Although fall has officially begun, one community garden is still benefiting from summer while offering opportunities to grow food, friendships and a chance to better understand food sovereignty and what it means to live sustainably.
In 2016, five community gardens at the University of Saskatchewan were expanded due to a continued partnership between the Office of Sustainability and PotashCorp. One such location, the McEown Community Garden, was able to accommodate 107 gardeners, nearly double the 60 gardeners who worked in 2015.
Jebunnessa Chapola, a graduate student in women’s, gender and sexuality studies and the cultural co-ordinator for the community garden, reflects on the past year as the harvest comes to a close.
“It’s a very lively space, you can feel the power of the community and the power of the garden; if you want to experience it, you need to come around,” Chapola said.
Throughout 2016, Chapola created a calendar filled with events geared at connecting the community and promoting learning and leadership. She sees deeper benefits for those involved in the garden and hopes to see continued success in years to come. All students living in residence over the summer months are able to apply for space in the McEown Community Garden, which is located beside Souris Hall in McEown Park. There are designated plots for single students as well as larger plots for families in residence.
“Once everything is divided, we hand it over to the gardeners. It becomes their responsibility, they can plant what they want and then in between, we can offer help and consultation,” Chapola said.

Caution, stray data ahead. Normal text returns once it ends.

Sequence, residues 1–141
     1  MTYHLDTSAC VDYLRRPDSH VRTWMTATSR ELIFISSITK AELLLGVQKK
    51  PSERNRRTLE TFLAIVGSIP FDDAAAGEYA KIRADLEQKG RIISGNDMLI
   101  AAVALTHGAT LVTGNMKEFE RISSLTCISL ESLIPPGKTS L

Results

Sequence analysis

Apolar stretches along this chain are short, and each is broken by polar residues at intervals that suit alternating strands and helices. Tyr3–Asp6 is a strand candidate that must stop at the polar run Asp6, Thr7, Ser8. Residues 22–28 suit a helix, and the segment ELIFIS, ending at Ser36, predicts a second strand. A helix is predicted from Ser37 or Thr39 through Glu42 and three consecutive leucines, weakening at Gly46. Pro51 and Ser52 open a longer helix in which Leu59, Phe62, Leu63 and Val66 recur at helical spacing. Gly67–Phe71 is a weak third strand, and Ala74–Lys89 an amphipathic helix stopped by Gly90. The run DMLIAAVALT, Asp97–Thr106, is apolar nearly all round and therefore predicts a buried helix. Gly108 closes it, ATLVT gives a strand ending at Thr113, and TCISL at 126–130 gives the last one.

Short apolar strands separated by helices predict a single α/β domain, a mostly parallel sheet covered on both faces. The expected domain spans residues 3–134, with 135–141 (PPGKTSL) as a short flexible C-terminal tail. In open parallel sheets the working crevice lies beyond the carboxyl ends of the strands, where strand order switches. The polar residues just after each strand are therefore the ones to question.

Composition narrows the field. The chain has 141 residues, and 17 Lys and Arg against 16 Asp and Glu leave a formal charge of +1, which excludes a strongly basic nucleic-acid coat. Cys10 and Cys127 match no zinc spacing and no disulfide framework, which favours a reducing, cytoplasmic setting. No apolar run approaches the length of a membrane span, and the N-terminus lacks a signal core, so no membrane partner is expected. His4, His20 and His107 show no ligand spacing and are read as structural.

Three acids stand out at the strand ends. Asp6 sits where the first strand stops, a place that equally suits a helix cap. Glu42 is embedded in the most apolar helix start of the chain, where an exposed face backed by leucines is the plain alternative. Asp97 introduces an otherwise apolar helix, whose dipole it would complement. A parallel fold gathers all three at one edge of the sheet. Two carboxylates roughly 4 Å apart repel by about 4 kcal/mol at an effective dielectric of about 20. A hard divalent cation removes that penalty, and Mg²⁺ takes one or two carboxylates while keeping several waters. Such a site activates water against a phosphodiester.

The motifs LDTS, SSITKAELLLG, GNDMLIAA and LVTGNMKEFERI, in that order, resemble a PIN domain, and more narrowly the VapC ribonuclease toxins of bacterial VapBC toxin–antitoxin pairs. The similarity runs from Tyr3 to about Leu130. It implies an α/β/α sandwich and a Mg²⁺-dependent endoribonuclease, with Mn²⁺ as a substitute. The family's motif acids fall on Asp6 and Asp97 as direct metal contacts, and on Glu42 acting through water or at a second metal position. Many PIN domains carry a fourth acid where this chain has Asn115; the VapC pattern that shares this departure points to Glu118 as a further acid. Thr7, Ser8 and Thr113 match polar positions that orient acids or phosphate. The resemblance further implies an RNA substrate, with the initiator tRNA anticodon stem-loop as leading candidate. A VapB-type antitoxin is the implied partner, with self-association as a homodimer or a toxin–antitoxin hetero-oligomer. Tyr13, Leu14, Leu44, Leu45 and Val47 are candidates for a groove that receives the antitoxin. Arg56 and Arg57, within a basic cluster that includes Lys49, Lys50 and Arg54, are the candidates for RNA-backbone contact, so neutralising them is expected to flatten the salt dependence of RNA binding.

She sees benefits from the garden directly in her own life, from providing nutritious food for her family to finding a place to relax and de-stress. She believes those with the opportunity to participate in community gardening should take advantage of it.
“There is too much stress, [students] don’t know how to deal with it all, but I would say that some relief is right outside their window — open up and have a look,” Chapola said.
Chapola organized art projects for the children of students in residence, a competition to clean up litter around the garden and many educational sessions regarding the nature of gardening. There were also sessions sharing Aboriginal culture and history, which Chapola believes are important to understand in relation to the land we inhabit.
“I met so many individuals through the garden and there were so many opportunities to share stories, share pain and laughter and happiness — this space is not land only, it’s not only a place for harvesting, it’s beyond that,” Chapola said.
She emphasizes that community building has been at the core of her efforts as cultural co-ordinator and remarks that, while some events were not well attended, others were very successful in her opinion.
“At the end of the summer we had a cross-cultural harvest community potluck. It’s always a very good turnout. All of the gardeners bring their fresh harvest and we share food. This year there were also cultural performances,” Chapola said.
Chapola has also organized a field trip to the national historic site Wanuskewin on Oct. 2, where gardeners will learn about many Indigenous practices.
Looking towards the year to come, Chapola feels there is still more that can be improved in the McEown Community Garden.
“There should be more sharing. I don’t want to say that that is not happening — it is — but I think we can improve that and it’ll be more rewarding. We as a society are very capitalized people, and we don’t often easily give into the sharing concept, and that’s a challenge,” Chapola said.
She believes that at the heart of it all, community gardening is a chance to grow not only what you need to feed your body, but also your soul.
“It is an informal education space, which is not always recognized or seen to be valid. People don’t see how this kind of informal education can be productive or rewarding, how it can be helpful to build up your personality or your inner side.”
Photos: Jeremy Britz / Photo Editor